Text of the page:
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Breastfeeding at work: How HR can go above and beyond for nursing workers

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Did you know August is National Breastfeeding Month? Breastfeeding may seem like an invasive topic for a water cooler chat, but it’s a workplace issue that HR needs to be prepared to handle.

In recent years, changes have been set into motion to support breastfeeding at work – with accommodations like lactation rooms, and the recent passage of the Providing Urgent Maternal Protections (PUMP) Act. 

With the renewed push for protections and support for breastfeeding at work, now is the perfect time to rethink lactation support for nursing workers. 

Breastfeeding at work 

According to the CDC, although the majority of babies born in 2019 (83%) started out receiving some breast milk, many families do not breastfeed for as long as they intend to.

New parents have a lot to worry about upon their return to work: from childcare needs to post-partum health issues. But one of the most common – and disruptive – is nursing and breastfeeding at work. In fact, in 2019, Unum found that 47% of new mothers said breastfeeding at work was one of their biggest challenges upon their return to work.

And the struggles of breastfeeding at work don’t stop there. A 2018 study by Aeroflow found that: 

  • Nearly half (49%) of expecting mothers in the U.S. were concerned that breastfeeding at work could impact career growth
  • Over half (62%) felt that there was a stigma attached to breastfeeding at work, and
  • Nearly half (47%) considered a job or career change due to having to pump at work.

The recent push for fair accommodations for pregnant workers and nursing mothers reflects a larger cultural shift to reduce stigma around the needs of new mothers – including increased accommodations for nursing mothers. 

At its best, lack of accommodations for breastfeeding at work can add stress for new parents and may decrease engagement and overall satisfaction. At its worst, a new mother who doesn’t feel supported at work may lead to turnover and may cultivate an unsupportive culture.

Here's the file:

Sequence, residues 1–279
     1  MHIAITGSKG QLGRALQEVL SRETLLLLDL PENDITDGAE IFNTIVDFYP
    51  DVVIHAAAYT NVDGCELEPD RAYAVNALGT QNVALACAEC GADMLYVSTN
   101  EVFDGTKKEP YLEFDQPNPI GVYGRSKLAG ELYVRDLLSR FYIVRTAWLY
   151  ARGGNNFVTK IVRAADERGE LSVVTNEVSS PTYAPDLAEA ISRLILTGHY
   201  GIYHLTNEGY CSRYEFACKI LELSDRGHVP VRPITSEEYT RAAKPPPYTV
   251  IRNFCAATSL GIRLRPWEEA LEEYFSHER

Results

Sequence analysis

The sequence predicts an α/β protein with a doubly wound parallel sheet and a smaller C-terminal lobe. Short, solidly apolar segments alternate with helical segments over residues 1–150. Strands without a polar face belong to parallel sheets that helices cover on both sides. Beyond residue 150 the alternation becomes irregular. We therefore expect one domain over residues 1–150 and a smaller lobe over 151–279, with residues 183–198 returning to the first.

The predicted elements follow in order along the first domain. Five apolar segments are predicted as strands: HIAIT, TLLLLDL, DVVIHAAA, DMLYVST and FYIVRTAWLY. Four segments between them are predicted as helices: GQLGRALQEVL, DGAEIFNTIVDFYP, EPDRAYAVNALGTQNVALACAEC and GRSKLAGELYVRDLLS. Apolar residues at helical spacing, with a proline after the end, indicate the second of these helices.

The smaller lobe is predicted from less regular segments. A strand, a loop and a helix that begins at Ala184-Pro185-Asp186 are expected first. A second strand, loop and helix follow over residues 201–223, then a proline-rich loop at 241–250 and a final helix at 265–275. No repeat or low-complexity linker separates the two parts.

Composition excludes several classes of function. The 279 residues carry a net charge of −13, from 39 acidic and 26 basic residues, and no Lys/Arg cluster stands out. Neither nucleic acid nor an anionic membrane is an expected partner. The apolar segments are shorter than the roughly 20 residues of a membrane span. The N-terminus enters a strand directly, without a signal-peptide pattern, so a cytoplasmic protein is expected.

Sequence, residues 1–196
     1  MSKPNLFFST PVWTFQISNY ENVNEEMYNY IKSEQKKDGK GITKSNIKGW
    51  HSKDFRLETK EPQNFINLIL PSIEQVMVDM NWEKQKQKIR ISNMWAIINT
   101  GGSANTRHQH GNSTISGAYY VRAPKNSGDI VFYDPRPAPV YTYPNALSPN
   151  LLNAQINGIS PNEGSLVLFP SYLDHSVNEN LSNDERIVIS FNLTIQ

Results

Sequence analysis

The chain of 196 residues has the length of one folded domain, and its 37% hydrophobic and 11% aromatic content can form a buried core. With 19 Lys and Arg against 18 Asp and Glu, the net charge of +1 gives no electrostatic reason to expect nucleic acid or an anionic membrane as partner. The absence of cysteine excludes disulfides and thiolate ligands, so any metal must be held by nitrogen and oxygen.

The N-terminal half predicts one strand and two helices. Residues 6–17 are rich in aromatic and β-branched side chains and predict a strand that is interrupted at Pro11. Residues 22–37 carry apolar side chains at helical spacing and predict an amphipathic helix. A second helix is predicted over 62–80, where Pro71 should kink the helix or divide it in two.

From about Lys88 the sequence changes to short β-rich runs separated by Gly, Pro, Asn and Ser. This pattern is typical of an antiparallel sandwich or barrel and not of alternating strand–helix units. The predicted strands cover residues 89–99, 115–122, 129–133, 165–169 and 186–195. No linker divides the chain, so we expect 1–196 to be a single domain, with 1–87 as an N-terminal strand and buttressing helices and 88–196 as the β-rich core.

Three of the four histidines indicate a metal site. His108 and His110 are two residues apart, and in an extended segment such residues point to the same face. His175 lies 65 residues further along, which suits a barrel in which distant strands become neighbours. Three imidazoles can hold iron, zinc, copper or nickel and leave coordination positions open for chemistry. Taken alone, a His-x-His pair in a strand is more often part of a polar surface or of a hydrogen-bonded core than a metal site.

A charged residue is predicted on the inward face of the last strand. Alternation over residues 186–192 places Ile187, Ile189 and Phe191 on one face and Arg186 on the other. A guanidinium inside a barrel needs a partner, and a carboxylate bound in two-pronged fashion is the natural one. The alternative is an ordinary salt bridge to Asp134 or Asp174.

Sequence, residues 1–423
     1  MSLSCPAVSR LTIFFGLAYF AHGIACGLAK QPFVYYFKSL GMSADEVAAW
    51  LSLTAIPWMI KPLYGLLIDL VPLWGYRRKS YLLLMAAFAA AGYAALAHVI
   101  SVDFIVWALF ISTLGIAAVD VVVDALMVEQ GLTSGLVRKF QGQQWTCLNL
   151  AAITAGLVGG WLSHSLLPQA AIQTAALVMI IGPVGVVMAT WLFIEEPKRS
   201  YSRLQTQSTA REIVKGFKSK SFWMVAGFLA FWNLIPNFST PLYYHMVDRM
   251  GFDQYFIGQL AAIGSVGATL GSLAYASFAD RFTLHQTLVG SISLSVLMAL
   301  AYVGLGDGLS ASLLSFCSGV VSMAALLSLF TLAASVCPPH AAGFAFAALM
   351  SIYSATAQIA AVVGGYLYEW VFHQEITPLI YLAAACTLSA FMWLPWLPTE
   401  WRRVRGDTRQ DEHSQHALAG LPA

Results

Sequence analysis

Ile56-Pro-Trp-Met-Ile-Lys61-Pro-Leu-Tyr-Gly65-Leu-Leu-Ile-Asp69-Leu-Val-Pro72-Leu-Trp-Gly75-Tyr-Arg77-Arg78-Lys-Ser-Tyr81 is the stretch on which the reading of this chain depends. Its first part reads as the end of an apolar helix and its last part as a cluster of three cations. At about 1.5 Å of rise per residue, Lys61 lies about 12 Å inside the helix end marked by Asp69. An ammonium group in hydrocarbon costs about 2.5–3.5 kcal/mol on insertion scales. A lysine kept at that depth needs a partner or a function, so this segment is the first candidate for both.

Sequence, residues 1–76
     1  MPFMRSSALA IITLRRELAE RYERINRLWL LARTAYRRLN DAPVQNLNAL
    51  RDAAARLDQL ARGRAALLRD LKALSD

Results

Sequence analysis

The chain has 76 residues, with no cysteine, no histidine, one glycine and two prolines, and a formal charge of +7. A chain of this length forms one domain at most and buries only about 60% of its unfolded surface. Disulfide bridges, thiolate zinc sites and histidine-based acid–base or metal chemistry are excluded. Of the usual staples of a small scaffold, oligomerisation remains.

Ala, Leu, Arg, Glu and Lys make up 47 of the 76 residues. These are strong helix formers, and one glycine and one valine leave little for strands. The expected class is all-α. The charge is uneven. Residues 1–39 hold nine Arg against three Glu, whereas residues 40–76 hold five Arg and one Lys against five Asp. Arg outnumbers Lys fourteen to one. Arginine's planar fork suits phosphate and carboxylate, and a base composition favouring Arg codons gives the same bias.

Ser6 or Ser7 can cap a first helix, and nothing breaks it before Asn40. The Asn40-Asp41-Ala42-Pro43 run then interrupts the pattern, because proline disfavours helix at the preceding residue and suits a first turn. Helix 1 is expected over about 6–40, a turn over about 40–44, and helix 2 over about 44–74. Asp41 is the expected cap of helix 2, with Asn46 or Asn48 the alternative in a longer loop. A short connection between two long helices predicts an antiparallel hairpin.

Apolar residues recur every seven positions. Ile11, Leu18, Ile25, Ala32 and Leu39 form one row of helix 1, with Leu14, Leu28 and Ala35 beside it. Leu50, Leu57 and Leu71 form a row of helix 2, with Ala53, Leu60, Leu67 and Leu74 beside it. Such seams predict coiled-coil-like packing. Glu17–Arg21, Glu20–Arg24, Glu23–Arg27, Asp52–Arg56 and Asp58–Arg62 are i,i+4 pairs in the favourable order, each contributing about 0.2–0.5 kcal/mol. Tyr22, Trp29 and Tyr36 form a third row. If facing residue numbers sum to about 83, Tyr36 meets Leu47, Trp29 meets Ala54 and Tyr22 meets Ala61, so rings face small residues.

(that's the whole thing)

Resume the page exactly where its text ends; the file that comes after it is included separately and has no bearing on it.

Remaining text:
Know your legal limits

Only in the past decade has there been a bigger legal push to provide accommodations in the workplace for nursing mothers. Before legal protections were put into place, many nursing workers were forced to give up breastfeeding when they went back to work or had to use non-designated spaces like bathrooms to pump. 

In 2010, an amendment to the Fair Labor Standards Act (FLSA) required employers to provide a private lactation space for those who breastfeeding workers, called the Break Time for Nursing Mothers Law. The amendment gave most employees the right to break time to express milk for one year after the child’s birth. 

However, due to an unintended legal loophole, the law left many nursing workers unprotected. Although some states have passed their own lactation accommodation laws, the biggest push came from President Biden last year with the passage of the PUMP Act.

Protection under the PUMP Act

“The passage of the PUMP Act is a big win for mothers and families, as it strengthens existing protections of time and space for mothers to pump, as needed and for one year following childbirth, during the workday,” says Leila Zayed, VP of Sales at breastfeeding support platform pumpspotting. “Those protections are now extended to 9 million workers not previously covered by Break Time For Nursing Mothers as part of the FLSA.”

With the passage of the PUMP Act, employers are required to provide a private space to pump that is not a bathroom. “That means the pumping space must be clean, shielded from view and free from intrusion. The space should also be near running water, electricity and a refrigerator,” says Zayed. 

How HR can move the needle

With emerging legislation and a renewed push for lactation support, it’s essential that HR puts measures in place to support breastfeeding employees as they re-enter the workplace.

“There’s a lot to gain for employers with a proactive approach to their workplace lactation support program,” says Zayed. It can help those who are breastfeeding at work feel supported – which can lend itself to better employee engagement, improved well-being and an overall more inclusive culture. 

What the PUMP Act requires is the bare minimum that employers need to provide, but space and time to pump at work is only one part of the puzzle. 

A workplace lactation program that works has four parts, says Zayed:

  1. Space and break time
  2. Practice and policy
  3. A sense of belonging, and
  4. Easy access to clinical experts. 

“Ultimately, a solid lactation support program is about the employee experience,” says Zayed. “The aim is to help support employees’ baby feeding goals while also allowing them to thrive at work – which supports the organization as a whole. Creating a comprehensive program signals to current and potential employees that you share their values and are human-centric.”

Here are some action steps HR can take to create a top-notch lactation program and supportive culture for those breastfeeding at work:  

  • Go beyond the bare minimum requirements to improve belonging and reduce isolation, such as by creating a caregiver Employee Resource Group
  • Offer access to lactation experts and educational resources for managers and employees, and 
  • Tailor the program to your workforce by considering unique needs, such as job location and expectations.

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